LIBREVILLE (Reuters) - Gabon accused prominent opposition leader Andre Mba Obame of high treason on Thursday after he declared himself president and claimed inspiration from power struggles in Tunisia and Ivory Coast.
The move by President Ali Bongo Odimba to clamp down on his chief political rival could raise tensions in the normally sleepy central African state, after Mba Obame supporters took to the streets in violent protests earlier this year.
Gabon’s parliament on Thursday removed Mba Obame’s parliamentary immunity to allow the state prosecutor to pursue treason charges against him, in a vote shunned by opposition members.
Mba Obame representatives were not available to comment.
Mba Obame, who has always contested his defeat in an August 2009 poll against Bongo, took a presidential oath in January and told thousands of his supporters that they were “no less brave than the Ivorians”, or the Tunisians.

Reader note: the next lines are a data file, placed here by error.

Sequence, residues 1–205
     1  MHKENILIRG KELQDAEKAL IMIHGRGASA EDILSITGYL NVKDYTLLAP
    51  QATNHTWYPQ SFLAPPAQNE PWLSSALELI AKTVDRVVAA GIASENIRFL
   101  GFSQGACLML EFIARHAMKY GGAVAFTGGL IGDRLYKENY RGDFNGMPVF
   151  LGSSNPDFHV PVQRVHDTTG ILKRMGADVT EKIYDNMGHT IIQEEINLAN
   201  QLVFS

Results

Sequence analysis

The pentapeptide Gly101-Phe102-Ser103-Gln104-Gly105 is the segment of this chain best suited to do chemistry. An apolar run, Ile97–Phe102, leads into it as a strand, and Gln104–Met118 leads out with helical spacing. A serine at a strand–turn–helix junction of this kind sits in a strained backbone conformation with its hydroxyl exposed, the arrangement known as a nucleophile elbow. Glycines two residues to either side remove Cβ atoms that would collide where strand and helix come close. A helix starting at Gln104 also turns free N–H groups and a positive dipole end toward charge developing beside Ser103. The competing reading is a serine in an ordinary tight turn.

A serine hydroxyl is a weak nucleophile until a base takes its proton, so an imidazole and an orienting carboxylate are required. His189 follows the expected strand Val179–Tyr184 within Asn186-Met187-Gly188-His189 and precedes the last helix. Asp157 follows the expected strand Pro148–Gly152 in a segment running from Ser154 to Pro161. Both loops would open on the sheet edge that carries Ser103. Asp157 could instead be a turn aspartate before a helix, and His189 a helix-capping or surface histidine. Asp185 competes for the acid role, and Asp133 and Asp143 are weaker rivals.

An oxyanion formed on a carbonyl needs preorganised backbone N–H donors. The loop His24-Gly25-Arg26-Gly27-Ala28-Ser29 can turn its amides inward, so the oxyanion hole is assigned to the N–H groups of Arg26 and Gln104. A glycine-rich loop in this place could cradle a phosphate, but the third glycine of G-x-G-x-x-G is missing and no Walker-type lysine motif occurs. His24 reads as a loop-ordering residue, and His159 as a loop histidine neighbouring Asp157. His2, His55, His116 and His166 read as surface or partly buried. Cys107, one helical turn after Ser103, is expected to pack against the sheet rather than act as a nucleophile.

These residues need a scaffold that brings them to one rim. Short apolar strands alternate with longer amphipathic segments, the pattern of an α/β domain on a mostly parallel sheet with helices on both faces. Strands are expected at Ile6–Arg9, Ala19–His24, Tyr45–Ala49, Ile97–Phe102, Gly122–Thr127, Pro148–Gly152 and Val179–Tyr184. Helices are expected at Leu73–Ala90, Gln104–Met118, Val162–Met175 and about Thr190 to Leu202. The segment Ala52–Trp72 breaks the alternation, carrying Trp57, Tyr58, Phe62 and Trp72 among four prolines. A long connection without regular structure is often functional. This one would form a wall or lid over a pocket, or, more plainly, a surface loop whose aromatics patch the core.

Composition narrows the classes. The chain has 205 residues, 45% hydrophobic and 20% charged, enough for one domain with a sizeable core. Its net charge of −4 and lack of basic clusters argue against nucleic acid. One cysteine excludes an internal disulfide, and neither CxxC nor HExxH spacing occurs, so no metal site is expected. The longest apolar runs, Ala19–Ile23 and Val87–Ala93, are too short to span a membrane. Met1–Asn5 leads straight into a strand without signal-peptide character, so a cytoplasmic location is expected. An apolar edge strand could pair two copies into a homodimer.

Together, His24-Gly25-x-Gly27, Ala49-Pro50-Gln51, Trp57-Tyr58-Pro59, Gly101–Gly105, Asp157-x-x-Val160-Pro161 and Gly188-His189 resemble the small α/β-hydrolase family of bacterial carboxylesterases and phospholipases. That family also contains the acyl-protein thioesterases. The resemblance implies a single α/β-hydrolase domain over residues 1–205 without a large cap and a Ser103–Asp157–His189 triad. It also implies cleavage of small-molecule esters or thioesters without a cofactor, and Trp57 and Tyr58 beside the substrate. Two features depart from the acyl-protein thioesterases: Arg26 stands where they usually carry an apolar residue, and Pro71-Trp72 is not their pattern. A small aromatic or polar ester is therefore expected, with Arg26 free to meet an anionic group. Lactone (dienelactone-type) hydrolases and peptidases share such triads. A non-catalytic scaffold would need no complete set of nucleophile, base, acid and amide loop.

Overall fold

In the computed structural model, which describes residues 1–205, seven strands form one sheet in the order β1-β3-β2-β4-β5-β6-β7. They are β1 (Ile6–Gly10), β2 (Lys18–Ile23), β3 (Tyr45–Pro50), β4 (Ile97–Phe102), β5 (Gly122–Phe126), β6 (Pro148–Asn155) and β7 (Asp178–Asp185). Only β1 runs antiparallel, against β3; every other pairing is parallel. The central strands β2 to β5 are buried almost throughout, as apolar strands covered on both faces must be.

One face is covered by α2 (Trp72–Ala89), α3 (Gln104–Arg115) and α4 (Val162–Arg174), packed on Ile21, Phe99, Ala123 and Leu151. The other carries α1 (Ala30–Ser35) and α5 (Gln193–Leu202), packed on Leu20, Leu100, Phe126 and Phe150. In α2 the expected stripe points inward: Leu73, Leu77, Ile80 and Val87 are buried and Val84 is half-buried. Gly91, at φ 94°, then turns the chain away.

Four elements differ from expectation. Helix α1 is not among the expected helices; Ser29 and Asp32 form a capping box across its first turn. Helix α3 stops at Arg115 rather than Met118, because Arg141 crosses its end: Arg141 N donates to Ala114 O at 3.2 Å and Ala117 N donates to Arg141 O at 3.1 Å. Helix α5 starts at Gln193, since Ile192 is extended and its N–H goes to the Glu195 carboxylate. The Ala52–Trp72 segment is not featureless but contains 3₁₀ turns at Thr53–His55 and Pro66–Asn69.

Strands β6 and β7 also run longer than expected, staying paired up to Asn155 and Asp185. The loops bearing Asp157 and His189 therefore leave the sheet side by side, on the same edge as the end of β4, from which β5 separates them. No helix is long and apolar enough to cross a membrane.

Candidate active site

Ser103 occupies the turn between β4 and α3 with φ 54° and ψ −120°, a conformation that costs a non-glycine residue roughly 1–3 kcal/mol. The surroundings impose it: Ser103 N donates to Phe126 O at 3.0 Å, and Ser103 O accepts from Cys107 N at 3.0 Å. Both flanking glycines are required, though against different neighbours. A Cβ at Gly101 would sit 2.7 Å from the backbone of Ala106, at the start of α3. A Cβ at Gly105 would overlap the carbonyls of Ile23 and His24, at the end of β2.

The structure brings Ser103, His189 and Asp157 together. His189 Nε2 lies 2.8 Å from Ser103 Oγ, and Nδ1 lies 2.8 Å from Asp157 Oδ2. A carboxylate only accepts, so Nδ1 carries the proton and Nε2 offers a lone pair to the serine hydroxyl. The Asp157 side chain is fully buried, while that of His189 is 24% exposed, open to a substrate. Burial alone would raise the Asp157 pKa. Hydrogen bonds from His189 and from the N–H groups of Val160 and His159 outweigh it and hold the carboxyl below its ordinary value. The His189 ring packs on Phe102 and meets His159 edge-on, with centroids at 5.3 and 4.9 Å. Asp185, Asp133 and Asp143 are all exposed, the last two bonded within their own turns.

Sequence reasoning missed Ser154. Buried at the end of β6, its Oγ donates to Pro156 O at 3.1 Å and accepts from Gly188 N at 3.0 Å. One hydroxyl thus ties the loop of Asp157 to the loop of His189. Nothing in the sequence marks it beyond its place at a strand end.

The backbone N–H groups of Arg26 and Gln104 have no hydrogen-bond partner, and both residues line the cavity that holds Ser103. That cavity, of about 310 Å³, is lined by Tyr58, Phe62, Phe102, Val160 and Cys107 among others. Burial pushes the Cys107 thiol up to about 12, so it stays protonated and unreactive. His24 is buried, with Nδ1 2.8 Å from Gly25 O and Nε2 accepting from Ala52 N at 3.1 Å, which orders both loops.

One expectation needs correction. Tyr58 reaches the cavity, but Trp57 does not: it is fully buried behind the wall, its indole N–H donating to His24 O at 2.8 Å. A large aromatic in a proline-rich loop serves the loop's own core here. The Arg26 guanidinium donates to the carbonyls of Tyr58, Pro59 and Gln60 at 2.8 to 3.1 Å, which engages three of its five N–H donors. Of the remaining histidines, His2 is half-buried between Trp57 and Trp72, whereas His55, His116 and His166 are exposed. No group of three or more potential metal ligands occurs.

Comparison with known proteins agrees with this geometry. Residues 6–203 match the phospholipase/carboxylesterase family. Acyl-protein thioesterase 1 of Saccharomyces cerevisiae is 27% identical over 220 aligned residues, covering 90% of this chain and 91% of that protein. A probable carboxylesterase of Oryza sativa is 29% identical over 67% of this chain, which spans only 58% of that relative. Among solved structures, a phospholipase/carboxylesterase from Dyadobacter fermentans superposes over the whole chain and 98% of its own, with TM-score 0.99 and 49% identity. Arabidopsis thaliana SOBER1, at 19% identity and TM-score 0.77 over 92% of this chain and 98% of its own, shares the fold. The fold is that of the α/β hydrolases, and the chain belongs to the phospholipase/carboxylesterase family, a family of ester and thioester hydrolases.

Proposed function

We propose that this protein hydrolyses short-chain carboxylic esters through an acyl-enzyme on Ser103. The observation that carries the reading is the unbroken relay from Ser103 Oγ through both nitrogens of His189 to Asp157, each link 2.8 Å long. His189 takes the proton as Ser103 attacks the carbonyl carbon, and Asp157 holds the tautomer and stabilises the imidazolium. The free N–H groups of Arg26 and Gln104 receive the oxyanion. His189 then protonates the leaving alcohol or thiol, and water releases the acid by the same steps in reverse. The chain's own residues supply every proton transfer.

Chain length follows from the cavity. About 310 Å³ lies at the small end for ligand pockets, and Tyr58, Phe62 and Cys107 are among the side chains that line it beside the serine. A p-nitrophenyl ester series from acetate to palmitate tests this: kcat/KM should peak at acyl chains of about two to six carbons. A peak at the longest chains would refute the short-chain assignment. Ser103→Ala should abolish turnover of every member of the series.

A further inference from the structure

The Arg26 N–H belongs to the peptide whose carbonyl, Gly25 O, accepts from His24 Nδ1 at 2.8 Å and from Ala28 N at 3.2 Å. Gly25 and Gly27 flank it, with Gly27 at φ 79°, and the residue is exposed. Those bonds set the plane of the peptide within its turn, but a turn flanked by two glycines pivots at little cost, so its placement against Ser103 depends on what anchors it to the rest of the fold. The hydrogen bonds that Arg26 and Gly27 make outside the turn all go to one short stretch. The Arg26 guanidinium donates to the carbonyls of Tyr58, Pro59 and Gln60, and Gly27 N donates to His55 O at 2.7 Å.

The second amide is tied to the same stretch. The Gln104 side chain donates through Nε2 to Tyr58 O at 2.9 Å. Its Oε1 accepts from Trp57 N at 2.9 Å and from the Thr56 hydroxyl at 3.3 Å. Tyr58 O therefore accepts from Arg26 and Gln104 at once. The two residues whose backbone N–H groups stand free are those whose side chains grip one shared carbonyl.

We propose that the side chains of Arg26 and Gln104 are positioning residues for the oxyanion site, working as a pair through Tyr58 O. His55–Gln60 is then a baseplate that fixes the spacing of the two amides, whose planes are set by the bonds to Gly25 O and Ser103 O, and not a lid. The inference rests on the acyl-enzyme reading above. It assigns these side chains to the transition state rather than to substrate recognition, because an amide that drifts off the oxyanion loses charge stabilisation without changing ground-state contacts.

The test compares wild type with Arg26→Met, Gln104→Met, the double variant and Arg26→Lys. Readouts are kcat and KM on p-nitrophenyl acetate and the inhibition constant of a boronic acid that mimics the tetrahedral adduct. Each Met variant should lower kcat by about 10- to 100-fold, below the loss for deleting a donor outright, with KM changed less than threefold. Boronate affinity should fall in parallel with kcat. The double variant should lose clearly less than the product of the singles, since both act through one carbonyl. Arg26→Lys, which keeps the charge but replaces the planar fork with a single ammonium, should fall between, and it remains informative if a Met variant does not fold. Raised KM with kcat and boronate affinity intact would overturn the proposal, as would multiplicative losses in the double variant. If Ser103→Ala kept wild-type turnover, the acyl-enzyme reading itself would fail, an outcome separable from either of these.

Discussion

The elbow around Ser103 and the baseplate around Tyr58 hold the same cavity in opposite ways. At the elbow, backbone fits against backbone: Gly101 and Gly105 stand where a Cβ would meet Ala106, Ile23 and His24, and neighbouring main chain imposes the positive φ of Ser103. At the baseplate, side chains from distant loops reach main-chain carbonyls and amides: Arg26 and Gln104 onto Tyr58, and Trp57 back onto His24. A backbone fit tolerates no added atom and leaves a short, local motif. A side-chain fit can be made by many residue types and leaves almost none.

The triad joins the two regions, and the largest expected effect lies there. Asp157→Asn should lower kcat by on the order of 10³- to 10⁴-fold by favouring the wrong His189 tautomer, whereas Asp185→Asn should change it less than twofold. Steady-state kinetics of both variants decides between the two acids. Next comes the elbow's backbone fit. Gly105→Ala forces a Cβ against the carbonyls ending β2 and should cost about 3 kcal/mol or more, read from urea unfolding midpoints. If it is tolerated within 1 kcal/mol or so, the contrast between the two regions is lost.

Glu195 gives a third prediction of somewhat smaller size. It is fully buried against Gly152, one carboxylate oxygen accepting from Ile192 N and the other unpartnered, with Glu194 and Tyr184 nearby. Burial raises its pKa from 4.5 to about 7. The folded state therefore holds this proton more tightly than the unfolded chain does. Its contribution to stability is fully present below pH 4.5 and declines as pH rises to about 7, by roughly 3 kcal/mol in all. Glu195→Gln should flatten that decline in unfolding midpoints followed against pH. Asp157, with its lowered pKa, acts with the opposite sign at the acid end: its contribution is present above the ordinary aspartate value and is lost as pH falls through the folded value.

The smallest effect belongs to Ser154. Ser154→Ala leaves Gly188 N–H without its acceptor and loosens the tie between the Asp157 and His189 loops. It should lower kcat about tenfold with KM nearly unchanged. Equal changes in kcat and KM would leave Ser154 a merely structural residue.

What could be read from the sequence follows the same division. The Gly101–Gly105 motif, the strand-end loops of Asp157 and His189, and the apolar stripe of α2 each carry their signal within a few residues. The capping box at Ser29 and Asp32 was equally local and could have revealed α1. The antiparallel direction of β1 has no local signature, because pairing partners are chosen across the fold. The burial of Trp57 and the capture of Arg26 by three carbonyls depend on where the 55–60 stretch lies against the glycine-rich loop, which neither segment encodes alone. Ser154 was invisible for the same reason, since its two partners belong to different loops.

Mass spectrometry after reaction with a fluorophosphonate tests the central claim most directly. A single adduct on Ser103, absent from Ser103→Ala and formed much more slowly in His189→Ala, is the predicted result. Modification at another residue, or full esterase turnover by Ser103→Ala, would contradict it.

Ivory Coast incumbent leader Laurent Gbagbo was ousted last month after refusing to step down following an election he was judged to have lost, and a popular uprising in Tunisia toppled leader Zine al-Abidine Ben Ali.
Gabon security forces cracked down on two demonstrations shortly after the illicit swearing-in ceremony, firing tear gas canisters and injuring dozens.
Bongo’s election in 2009 allowed him to take over power from his father and led to days of rioting across the country as opponents accused him of vote-rigging.
Final results put Bongo first with 41.79 percent, veteran opposition figure Pierre Mamboundou in second with 25.66 percent, and Mba Obame third with 25.33 percent.
In stark contrast to Ivory Coast’s Gbagbo, however, Bongo has wide international recognition as oil-rich Gabon’s leader, including from former colonial power France which cemented ties with a defence deal last year.